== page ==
Following the plant exchange there will be a raffle of garden related items including gift certificates from local garden centers, art work, books and much more.   Proceeds from this fundraiser will support our general operating expenses including speaker honorariums and community outreach activities.

Thursday, June 4, 6:30 pm, at St. Michael’s church. Tammy Horn Potter:         Flower Power: Seeing the Pollens in KY Honey

Pollen is the “fingerprint” of a flower.  Using seasons as a guide, this presentation will include slides of pollens along with their respective host flowers.  The presentation will conclude with discussion about the new Honey Testing Lab at Bluegrass Community and Technical College (Newtown Pike). Tammy will also discuss services offered for prospective or new beekeepers.

Tammy is the Kentucky State apiarist and also a Wild Ones member. Her presentation will make the subject of flowers, pollen and pollinators come alive. 

Thursday, July 2, 6:30 pm, at Hisle Park, Briar Hill Road, Lexington. Andrew Bentley: The Historical Importance of Herbs.

Herbs are everywhere. In pre-industrial America native Americans and early settlers routinely  used common plants for purposes that we no longer remember, for example as medicines and to flavor their foods, or to control pests and bad odors. This outdoor presentation will show us that there is much more to our common weeds and beloved wildflowers than we may suspect.

Thursday, August 6, 6:30  pm, at McConnel Springs Park, Lexington. Picnic and park visit, hopefully including some bat sightings.

This will be the day of our annual picnic. Participants should bring food and drink for themselves. We will look at the rain garden planting in front of the park building (to the left of the entrance path) which was funded through a grant awarded by our chapter in 2019. We will also visit the Blue Hole, a spring typical to the karst topography of west Lexington, where honeysuckle was cleared and some restoration work occurred in 2018 and 2019. Observing bats  may require us to stay until it is quite dark, a little beyond our usual closing time.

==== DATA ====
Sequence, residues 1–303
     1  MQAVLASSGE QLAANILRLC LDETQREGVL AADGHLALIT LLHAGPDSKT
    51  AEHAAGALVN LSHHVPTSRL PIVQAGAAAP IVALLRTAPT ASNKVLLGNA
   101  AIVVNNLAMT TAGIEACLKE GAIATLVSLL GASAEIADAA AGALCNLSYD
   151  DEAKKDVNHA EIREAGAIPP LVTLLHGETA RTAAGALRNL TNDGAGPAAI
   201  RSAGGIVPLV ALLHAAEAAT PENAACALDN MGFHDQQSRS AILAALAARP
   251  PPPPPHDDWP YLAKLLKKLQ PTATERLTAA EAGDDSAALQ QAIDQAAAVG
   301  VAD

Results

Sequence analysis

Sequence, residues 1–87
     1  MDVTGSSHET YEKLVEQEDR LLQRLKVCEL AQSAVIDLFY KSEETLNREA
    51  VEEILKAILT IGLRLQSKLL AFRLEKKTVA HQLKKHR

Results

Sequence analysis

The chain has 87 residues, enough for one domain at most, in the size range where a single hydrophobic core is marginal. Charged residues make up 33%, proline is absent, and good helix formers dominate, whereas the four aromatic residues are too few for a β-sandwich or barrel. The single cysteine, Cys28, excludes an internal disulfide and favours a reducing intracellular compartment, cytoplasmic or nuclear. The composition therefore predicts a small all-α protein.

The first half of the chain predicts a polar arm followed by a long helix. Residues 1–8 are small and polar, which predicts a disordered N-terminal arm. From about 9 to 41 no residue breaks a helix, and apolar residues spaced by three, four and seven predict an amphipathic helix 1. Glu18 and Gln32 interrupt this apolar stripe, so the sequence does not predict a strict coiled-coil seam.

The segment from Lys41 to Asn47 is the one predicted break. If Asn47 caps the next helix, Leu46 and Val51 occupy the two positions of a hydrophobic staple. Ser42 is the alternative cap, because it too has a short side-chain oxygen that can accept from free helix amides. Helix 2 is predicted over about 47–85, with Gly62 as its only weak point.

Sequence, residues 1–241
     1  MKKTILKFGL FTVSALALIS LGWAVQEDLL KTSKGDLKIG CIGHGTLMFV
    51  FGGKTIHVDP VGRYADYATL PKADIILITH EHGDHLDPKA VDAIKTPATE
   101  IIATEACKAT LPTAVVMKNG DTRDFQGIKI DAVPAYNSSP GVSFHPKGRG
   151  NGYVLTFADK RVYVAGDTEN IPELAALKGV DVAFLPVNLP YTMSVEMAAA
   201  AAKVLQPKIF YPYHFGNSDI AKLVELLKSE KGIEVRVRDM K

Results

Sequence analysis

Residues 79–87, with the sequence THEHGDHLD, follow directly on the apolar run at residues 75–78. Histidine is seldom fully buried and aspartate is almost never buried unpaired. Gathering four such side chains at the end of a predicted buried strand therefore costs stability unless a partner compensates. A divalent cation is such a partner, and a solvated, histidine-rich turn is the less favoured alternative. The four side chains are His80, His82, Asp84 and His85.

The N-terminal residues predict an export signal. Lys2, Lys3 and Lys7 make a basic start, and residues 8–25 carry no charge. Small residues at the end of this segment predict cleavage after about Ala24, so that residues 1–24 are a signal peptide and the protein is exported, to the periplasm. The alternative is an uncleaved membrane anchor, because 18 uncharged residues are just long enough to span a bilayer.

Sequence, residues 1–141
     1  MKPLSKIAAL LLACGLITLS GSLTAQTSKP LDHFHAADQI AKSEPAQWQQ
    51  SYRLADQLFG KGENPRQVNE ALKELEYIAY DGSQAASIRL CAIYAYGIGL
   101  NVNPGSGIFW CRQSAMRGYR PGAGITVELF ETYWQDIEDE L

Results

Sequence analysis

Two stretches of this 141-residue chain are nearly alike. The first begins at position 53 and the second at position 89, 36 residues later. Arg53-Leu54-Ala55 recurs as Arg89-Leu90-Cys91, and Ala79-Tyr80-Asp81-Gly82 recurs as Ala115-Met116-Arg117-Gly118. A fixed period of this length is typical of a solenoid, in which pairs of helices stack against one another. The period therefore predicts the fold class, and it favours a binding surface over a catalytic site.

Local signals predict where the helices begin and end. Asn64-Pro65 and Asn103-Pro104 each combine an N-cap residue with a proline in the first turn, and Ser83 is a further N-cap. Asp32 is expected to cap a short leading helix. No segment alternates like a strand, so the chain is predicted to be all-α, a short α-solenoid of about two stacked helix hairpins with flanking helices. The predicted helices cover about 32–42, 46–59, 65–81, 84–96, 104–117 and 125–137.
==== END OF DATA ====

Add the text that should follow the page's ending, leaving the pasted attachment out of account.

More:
Saturday, Sept. 12, 8:30 am to 5 pm, at Floracliff. Symposium: Bluegrass Land and Nature. (Registration required) 

This event has been rescheduled for September 2021

Our Wild Ones chapter is  partnering with Floracliff Nature Preserve to present this all-day Symposium about the plants of the Bluegrass and some of the animals they sustain. Most sessions will take place outdoors. More information will be forthcoming as planning proceeds.

Thursday, Oct. 15 (!), 6 pm (!), at Wellington Park. Stacy Borden: Pruning Young Trees for Health and Good Structure – a Workshop.

Once again, our chapter is partnering with the Urban Forest Initiative for a program we are presenting during Tree Week (Oct. 10 – 17). Urban trees, unlike those in the forest, require pruning to assure their health and the safety of those of us who live among them. Much expensive care of mature trees can be avoided through judicious pruning when a tree is young. Stacy Borden will demonstrate how to prune young trees properly and will explain the reason for specific pruning cuts. Stacy has worked as an arborist in Lexington for many years. He is currently employed at UK and is responsible for the trees on the university’s campus.

Thursday, Nov. 5, 6:30 pm, at St. Michael’s Church. Jennifer Hubbard-Sanchez,  Director of Raven Run: Training Volunteers to Manage Nature.

Jennifer will speak about Raven Run about the first Naturalist Training program at Raven Run through which the staff hope to build a corps of skilled volunteers dedicated to help manage this popular preserve. She will also address the long-term goals for Raven Run and the ever-present and ever pressing challenges it faces in light of its large visitor stream and its exposure to plant invasions resulting from its proximity to the city.

Thursday, Dec. 3, 6:30 pm, at Wild Birds Unlimited, 152 North Locust Hill Drive, Lexington. Joyce Bender: Caring for Backyard Birds in the Winter. Also: Seed and Book Exchange.

With the arrival of winter, plants and many animals go dormant. But our birds continue to enchant us and remind us that life goes on right outside our windows. This program provides an opportunity to learn about feeding wild birds and to look for holiday gifts at our book and seed exchanges or in the store.

We exchange native plant seeds, which must be labeled, and books about nature broadly conceived.